What started out as an EcoCash system upgrade this past weekend quickly turned into the equivalent of a horror show for many local businesses which simply couldn’t process transactions on the most widespread payment platform in the country.
We wondered just how impactful this disruption was and reached out to a number of startups to enquire on how much potential revenue they lost out on due to EcoCash’s downtime:
Of the startups, we reached out to Fresh In A Box was the biggest loser, losing out on 160 sales worth ZW$77 930 in total. They tracked these potential sales through Longrocket which also allows them to monitor the last stage of a customers transaction.
Thumeza a Bulawayo-based logistics startup lost $2 000 this week and the Founder and CEO – Gugulethu Siso stressed how much of a hold EcoCash has a hold on the market especially the unbanked.
Other startups did not disclose an exact figure of how much they lost but Mobisoft development team behind some of the most popular local apps like EcoLedger lost out on 25% of expected revenue during the time the mobile money platform was down.
Housing Hub the accommodation startup said they anticipated this would be one of the busiest weeks of the year with the MSU graduation coming. However, they missed out on some orders and had to use roundabout methods to complete transactions with customers who were patient enough:
This has brought business to a standstill. Each time we have to request for an EcoCash account statement to verify transactions because our merchants aren’t reflecting notifications to prove that people have sent money.
We have to request these statements every 30 minutes to verify payments before we can accept anyone.Marvellous Nyongoro – CEO & Founder of The Housing Hub
Requesting EcoCash statements comes at a cost. Not only did the Housing Hub lose potential revenue from customers who couldn’t convert, but they also had lower margins on the customers that did…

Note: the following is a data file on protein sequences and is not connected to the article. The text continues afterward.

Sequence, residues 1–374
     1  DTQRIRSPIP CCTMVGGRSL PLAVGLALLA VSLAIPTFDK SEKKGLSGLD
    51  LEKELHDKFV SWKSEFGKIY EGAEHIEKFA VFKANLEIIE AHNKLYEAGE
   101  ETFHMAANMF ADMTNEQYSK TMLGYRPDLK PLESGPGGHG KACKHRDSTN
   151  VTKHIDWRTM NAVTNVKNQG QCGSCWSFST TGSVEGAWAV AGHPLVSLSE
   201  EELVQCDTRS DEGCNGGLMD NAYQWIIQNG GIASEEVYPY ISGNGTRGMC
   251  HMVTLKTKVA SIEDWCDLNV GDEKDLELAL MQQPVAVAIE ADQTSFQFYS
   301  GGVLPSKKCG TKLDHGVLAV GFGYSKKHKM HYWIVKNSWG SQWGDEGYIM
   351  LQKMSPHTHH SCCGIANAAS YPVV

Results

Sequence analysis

There are a few startups who we talked to who confirmed that they didn’t really feel scathed by this outage and it seems those are not entirely dependant on EcoCash. Musungo who complete most transactions with a cash-on-collection model said around 90% of their orders are fulfilled in cash and thus they haven’t really been affected by the EcoCash outage. In fact, they said things like internet instability affect them far more than the recent crisis.
Animation Studio Alula also has a similar perspective to Musungo and it seems for businesses that can avoid EcoCash (very few of them exist) or don’t primarily rely on it there wasn’t much of a discernible impact.
One metric that might be harder to measure is the momentum and potential growth that startups, in general, have missed out on during the downtime. Most startups rely on EcoCash to make money and when the service is down for 4-5 days businesses are losing out on new and old customers who could’ve increased revenue.
Post-crisis, it will be interesting to see if startups/businesses and Zimbos start looking for alternatives to EcoCash in order to protect themselves from such an incident or if the hassle of moving to a different service will mean the mobile money market share continues to be monopolised by one player…
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